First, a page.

It seems to me that multiculturalism, once a useful and progressive kind of politics, is no longer functioning as well as it did. The limits of identity politics are becoming clear. Instead of a playful, creative blending of the best of host and migrant cultures, the terms of multiculturalism are increasingly used by cultural conservatives of all stripes to police cultural boundaries. A liberal politics of absolute inclusivity, while presenting itself as pragmatic, has the disadvantage of obscuring genuine differences and antagonisms. Identity politics, which privileges categories like race and religion, is wilfully silent about class. Culture is, self-evidently, at the heart of this, and so we as writers have a central role to play. It sickens me to watch European bigots puffing up their chests about the values of the Enlightenment, as a badge of their superiority against poor and marginalised immigrant populations. Again, I say that opposition to this Enlightenment fundamentalism, isn’t moral relativism, but an ethical imperative. At this point, respecting difference is important, but so is asserting our common life across borders of race, class and religion. The fake pageantry of respect is no substitute for a genuine internationalism.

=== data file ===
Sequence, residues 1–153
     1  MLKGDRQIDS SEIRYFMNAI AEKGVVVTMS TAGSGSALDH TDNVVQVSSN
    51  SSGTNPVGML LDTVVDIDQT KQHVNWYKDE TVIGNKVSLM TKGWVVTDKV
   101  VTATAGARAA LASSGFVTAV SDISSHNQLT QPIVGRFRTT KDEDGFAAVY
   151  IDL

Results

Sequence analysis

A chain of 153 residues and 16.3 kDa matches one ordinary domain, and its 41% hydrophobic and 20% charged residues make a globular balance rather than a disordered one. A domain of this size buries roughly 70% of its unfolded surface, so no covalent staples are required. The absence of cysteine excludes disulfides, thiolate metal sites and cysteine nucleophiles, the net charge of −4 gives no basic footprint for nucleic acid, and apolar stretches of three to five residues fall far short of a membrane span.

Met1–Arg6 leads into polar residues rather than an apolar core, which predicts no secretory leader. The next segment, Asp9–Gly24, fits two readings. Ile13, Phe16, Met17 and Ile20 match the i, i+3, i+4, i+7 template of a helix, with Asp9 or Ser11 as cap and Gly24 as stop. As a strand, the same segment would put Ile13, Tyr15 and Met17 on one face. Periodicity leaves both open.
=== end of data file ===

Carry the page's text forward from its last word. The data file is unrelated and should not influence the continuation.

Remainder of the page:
The phrase “the terms of multiculturalism are increasingly used by cultural conservatives of all stripes to police cultural boundaries” sticks out and rings true. “Asserting our common life” is what the Dalai Lama suggested multiculturalsim means. Nevertheless I’m very aware that I push the term to its limits when I reference it in these terms. What Kunzru identifies seems to echo what Kenan Malik said at a South Asian Literary Festival event last month: That ‘state’ multiculturalism is a different thing to simply living a multicultural life. As I have said before on this blog, I fear to lose the word ‘multiculturalism’ to its detractors, because to do so would seem to concede defeat to the cultural conservatives Kunzru describes.